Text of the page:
For example, you are a contingent person. Your existence is dependent on your parents bringing you into being. But your parents are contingent as well. They are dependent on their parents bringing them into being. Again, we cannot have an infinite regress of parentage. We can’t only have contingent things. Somewhere something must exist necessarily. There must be that necessary entity whose existence is not dependent on anything else.
4. Argument from degrees: Aquinas observed that we tend to measure things in a manner of degrees. We judge things as better or worse, more or less fair, more right or less wrong. But in order to judge on a manner of degrees like that, we must have some standard by which to judge. You can only say which line is more or less crooked if you know what an absolutely straight line looks like.
Aquinas then made the connection that if we are making moral judgments, then we must have some moral standard by which to judge. However, there is nothing we observe on earth that could set this perfect moral standard. We couldn’t look out across mankind and nature and find that perfect standard by which we judge everything else. Only a perfect moral entity that is outside of this universe could give us a concept of what moral perfection is. And then we are able to see the varying degrees by which we fall away from that standard.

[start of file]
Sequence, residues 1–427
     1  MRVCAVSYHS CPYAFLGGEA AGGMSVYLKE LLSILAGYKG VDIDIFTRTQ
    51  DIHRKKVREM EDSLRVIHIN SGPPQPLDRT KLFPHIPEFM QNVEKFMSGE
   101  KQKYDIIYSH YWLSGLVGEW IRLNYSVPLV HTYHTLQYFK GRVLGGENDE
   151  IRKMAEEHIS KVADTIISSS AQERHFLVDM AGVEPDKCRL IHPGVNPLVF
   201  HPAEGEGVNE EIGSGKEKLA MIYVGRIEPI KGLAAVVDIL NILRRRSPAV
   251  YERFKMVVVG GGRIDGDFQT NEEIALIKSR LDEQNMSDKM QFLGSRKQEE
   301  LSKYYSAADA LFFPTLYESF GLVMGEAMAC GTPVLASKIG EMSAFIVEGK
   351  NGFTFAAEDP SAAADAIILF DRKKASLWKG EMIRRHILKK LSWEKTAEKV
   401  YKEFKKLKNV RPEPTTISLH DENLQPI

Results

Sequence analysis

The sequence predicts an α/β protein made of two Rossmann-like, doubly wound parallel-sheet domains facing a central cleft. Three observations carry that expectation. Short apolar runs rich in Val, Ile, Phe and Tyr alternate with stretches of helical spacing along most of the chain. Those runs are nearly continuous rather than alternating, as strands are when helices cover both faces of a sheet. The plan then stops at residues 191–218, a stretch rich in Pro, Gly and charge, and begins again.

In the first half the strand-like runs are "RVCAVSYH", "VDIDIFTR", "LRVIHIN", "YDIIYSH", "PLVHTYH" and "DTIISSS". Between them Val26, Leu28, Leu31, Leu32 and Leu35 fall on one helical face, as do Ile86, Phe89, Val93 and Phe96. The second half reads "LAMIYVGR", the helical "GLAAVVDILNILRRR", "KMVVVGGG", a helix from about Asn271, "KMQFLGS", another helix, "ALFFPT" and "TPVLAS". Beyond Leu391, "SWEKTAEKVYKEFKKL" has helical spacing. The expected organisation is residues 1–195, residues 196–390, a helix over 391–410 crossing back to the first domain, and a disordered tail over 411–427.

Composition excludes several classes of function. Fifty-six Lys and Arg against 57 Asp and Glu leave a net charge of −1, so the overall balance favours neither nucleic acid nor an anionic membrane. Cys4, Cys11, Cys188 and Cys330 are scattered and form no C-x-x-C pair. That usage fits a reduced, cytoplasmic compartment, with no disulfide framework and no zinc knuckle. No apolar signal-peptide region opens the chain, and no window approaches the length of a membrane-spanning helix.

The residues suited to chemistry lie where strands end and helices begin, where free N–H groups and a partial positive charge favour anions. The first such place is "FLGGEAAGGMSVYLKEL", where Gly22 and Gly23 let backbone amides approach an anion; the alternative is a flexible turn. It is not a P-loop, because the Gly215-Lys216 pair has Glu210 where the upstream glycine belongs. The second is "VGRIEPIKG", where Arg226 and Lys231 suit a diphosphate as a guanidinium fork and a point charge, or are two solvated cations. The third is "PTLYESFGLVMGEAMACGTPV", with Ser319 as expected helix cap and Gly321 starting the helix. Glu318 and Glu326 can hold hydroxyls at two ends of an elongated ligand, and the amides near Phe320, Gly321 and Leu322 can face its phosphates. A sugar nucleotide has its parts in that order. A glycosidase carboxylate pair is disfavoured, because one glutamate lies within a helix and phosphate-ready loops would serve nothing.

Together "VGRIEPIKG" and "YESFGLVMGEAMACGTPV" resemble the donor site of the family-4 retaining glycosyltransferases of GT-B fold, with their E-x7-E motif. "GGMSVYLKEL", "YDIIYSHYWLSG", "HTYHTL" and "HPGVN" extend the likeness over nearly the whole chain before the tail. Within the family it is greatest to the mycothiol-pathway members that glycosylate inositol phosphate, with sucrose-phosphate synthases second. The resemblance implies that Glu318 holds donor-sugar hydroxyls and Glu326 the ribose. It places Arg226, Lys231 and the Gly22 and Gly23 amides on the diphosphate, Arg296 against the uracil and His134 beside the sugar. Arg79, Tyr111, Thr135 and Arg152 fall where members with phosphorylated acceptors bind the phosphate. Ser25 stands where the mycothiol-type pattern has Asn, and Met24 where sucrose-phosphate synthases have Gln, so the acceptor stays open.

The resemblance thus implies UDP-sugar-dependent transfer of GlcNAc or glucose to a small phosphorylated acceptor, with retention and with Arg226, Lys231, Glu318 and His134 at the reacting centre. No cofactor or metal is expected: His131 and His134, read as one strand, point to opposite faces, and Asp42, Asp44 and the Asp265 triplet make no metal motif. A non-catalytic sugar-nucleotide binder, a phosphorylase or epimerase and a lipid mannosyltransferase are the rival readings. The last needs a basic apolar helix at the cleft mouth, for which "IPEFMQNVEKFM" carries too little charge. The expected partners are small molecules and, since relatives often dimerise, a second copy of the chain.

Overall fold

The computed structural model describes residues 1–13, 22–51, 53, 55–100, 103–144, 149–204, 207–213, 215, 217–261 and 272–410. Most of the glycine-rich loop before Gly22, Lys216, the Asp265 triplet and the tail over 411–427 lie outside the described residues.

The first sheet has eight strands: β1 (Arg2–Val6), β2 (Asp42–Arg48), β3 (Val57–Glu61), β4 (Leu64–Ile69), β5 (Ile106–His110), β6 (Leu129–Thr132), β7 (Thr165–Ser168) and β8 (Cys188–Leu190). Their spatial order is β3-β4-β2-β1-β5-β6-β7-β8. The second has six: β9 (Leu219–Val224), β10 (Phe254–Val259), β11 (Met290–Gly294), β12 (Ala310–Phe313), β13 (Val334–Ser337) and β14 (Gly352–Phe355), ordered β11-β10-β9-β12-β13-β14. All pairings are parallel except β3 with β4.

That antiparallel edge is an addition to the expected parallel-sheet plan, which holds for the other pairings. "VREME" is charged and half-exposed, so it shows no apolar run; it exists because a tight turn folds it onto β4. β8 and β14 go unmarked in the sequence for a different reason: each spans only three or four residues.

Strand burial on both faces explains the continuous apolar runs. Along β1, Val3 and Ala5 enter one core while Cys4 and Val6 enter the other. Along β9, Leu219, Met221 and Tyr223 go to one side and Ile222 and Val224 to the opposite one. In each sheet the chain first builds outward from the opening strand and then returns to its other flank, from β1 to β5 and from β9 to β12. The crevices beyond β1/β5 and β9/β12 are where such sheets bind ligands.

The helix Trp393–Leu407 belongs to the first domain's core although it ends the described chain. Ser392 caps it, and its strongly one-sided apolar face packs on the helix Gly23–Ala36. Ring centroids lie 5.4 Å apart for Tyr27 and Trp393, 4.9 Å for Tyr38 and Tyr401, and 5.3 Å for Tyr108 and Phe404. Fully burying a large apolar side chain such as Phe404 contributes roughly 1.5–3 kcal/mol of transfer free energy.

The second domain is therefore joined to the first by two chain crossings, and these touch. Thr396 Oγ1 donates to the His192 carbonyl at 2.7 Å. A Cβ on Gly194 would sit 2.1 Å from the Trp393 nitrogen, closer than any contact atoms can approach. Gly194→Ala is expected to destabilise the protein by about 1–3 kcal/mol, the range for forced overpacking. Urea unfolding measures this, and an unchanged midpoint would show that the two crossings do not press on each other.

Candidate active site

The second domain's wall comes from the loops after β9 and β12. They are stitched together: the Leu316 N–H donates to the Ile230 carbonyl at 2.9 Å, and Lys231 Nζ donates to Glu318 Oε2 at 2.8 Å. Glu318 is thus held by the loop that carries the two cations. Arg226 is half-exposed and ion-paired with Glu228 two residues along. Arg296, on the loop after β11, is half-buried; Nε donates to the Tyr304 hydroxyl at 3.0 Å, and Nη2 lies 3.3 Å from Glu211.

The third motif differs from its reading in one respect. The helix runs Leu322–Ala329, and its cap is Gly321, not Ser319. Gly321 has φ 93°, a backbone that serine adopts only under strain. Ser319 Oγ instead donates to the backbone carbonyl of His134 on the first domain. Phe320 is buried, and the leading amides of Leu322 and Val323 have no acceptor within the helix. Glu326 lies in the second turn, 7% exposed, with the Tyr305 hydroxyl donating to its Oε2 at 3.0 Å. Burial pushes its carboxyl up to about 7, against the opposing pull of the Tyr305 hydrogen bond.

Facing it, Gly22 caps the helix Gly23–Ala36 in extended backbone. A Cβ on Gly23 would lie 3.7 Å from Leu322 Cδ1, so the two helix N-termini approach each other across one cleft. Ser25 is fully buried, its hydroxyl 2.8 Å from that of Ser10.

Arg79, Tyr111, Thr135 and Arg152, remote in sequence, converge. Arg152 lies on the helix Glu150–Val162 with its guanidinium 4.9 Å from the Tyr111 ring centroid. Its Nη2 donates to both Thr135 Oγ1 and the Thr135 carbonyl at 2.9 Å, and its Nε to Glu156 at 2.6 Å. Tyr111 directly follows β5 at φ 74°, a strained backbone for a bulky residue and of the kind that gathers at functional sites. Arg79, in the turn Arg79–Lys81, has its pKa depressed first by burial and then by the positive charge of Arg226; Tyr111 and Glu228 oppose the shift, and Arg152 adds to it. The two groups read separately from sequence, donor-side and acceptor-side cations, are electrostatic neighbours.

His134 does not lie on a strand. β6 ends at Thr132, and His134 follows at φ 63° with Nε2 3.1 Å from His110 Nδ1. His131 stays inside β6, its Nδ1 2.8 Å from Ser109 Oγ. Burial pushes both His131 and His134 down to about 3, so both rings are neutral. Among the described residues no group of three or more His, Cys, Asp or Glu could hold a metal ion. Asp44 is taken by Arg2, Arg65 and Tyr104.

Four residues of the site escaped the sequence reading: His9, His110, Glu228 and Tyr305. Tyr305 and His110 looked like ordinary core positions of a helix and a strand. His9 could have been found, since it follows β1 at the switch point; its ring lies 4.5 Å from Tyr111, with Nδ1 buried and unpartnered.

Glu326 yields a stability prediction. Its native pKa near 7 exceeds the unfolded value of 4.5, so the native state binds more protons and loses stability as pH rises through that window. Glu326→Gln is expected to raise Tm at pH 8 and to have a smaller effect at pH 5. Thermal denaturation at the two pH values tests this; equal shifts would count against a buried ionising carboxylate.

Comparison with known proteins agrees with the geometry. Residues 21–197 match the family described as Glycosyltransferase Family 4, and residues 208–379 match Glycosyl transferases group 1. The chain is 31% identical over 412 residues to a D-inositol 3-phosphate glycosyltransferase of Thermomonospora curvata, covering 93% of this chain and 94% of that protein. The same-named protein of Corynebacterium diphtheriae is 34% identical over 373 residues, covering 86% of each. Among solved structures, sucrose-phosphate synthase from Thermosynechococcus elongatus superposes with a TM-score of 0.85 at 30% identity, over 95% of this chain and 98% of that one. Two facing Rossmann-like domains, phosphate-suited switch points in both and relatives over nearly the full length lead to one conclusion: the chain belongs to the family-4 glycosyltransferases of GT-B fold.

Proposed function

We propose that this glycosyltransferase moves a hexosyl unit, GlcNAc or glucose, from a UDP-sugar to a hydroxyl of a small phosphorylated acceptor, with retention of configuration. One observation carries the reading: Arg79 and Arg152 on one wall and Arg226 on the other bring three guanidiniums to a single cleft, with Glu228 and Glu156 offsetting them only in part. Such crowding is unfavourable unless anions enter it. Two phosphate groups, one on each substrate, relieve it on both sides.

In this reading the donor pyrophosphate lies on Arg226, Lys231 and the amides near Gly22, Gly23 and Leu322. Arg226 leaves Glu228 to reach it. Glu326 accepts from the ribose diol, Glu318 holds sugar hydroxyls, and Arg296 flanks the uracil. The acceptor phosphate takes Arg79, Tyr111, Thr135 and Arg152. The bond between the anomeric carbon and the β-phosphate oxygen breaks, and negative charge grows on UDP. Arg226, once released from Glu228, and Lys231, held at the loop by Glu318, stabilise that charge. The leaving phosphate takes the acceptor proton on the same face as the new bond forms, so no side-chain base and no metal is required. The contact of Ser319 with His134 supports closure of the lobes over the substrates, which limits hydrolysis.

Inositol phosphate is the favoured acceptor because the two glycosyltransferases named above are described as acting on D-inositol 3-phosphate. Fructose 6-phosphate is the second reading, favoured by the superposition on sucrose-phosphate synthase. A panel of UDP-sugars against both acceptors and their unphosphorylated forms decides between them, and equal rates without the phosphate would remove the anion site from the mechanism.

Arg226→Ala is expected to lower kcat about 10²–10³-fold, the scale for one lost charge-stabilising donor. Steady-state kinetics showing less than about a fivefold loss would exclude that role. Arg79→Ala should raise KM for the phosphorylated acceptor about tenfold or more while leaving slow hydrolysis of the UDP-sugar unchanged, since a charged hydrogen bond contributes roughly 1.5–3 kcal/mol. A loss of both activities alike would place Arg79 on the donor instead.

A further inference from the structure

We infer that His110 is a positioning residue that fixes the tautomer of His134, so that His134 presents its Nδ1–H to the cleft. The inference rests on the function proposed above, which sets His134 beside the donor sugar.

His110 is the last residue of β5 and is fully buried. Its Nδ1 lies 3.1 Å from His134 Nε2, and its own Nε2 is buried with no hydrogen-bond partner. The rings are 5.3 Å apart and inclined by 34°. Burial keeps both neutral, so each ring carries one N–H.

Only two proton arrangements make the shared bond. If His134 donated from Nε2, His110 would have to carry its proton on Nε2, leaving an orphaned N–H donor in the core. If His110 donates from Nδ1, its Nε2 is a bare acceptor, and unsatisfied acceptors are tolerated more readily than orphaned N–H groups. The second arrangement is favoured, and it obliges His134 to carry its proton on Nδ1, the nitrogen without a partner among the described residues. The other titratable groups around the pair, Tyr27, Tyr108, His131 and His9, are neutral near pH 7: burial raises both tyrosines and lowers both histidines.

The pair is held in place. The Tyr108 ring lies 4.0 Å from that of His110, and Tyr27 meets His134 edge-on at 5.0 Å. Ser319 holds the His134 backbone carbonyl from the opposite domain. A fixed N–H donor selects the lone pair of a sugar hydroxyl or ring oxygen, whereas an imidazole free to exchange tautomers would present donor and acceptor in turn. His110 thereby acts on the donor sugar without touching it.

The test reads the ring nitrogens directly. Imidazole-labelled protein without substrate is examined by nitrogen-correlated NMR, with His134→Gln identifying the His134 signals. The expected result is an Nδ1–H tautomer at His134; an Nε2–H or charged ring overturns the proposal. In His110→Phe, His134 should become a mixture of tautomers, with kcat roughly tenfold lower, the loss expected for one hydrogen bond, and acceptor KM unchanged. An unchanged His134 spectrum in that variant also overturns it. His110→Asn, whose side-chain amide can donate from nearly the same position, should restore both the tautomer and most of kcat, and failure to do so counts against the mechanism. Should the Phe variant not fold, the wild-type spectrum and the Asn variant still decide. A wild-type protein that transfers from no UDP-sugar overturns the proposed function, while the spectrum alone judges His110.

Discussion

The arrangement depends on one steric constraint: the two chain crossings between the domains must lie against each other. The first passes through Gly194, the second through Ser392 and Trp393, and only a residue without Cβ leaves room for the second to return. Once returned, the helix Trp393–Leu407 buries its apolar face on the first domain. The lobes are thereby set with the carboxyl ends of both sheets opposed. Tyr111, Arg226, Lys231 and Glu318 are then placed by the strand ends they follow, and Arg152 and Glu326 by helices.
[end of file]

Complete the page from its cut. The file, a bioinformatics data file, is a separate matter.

5. Argument from design: Where there is design and order, there must be something that designed and ordered it. We recognize this concept in our everyday life. Where things have been organized and planned, we know that something intelligent was responsible for organizing and planning it.
Aquinas made the same connection to this universe. Where nature demonstrates design and order, the cause must be something intelligent that could design and order it. And while Aquinas had no idea what DNA and the genetic code were, he still recognized the unmistakable evidence of design in nature that could not be brought about from a chaotic, unorganized process. To Aquinas, the design in the universe pointed to a Designer.
Based on his observations of the universe and his application of logic, Aquinas concluded there must be an Unmoved Mover, Uncaused Cause, Necessary, and Moral Intelligent Designer who is responsible for our existence. Ultimately, Aquinas noted that the universe requires some explanation and it can’t be itself.
Nothing in this universe can adequately explain or account for the existence of this universe. Everything is already in motion, caused, and contingent. Everything is already a lesser degree of moral perfection, yet we are aware of what that moral perfection ought to be. Everything is ordered and intricately designed. Logic demands that something outside of this universe explain an existence of this kind.